I wanted to briefly overview the common provisions often found in premarital agreements.
A “premarital agreement” is an agreement between prospective spouses made in contemplation of marriage and to be effective upon marriage. A premarital agreement shall be in writing and signed by both parties voluntarily and not under duress, fraud or undue influence.
Common Provisions. A premarital agreement is designed to protect the rights of each party. Some common provisions are:
- Provisions precluding the creation of community property. A premarital agreement may be used to preclude the creation of community property interests, either entirely or with specified exceptions.
E.g., under a general agreement designed to preclude the creation of community property, each party’s earnings during marriage and before separation, and the value of their efforts during marriage, and any items acquired by the party with those earnings, can be his or her separate property. It can strengthen such a provision to designate one joint account as the only place where community funds will be kept—i.e. by funding any money into such an account, it becomes community property.
Another common provision is that any debt or asset acquired in one spouse’s name is the separate property of that spouse.
- Provisions to maintain the character of separate property. A premarital agreement may be used to ensure that a spouse’s separate property owned before marriage remains separate after marriage, regardless of any developments (e.g., any increase in value attributable to community payments or effort) that might otherwise result in a community interest in the property.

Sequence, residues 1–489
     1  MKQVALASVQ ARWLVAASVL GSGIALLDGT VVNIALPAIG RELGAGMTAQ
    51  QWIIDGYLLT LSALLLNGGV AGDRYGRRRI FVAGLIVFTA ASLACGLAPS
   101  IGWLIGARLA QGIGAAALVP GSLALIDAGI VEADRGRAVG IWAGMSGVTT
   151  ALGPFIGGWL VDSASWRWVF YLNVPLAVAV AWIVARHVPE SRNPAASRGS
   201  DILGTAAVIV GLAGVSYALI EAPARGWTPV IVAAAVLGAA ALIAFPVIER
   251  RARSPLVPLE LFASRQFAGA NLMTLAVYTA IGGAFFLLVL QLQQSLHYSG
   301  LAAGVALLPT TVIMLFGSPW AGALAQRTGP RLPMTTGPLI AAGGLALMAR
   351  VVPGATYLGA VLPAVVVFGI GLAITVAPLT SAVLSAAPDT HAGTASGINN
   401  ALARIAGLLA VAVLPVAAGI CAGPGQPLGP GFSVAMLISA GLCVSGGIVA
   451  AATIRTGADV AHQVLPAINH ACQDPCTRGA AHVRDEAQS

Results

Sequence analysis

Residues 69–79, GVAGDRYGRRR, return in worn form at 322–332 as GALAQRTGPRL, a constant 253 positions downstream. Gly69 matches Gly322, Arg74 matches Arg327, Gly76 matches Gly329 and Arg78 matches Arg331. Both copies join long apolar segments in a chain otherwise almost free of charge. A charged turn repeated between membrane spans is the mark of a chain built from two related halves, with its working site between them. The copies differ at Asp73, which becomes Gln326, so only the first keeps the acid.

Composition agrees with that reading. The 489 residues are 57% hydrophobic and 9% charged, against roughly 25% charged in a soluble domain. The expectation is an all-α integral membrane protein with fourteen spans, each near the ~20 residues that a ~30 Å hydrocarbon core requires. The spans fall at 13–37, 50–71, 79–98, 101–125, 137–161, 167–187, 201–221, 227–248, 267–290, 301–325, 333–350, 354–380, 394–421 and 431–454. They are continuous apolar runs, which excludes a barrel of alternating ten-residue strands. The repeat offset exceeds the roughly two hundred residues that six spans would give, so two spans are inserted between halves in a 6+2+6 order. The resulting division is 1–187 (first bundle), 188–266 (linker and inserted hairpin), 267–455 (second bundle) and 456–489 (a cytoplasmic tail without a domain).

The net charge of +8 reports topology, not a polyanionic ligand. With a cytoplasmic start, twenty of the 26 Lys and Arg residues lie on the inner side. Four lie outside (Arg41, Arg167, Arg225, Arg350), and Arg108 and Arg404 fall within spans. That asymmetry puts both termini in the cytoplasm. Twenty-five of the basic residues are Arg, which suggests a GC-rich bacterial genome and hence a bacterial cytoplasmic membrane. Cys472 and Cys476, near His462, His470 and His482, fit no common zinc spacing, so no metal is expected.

You may wish to have a provision that states that no community interest in a spouse’s separate property, and no right of reimbursement to the community or to a spouse, may be created unless it is created in a writing, and that absent a writing any contribution of time, money or effort to the benefit of a spouse’s separate property is deemed a gift.
- Provisions to waive or limit spousal support. Prospective spouses can enter into provisions waiving or modifying spousal support rights subject to the following restrictions.
Any provision in a premarital agreement regarding spousal support, including, but not limited to, a waiver of it, is not enforceable if the party against whom enforcement of the spousal support provision is sought was not represented by independent counsel at the time the agreement containing the provision was signed, or if the provision regarding spousal support is unconscionable at the time of enforcement. An otherwise unenforceable provision in a premarital agreement regarding spousal support may not become enforceable solely because the party against whom enforcement is sought was represented by independent counsel.
- Provisions for transmuting the character of existing property. By means of a premarital agreement, parties also may contract to transmute the character of property from
Community property to separate property; Separate property of one or both parties to community property; or Separate property of one party to the separate property of the other party.
At Divorce Helpline we are here to make the legal side of your marriage simple and clear and we offer prenuptial services. Check out our blog on the impact of prenuptial agreements, legal requirements, and what is enforceable.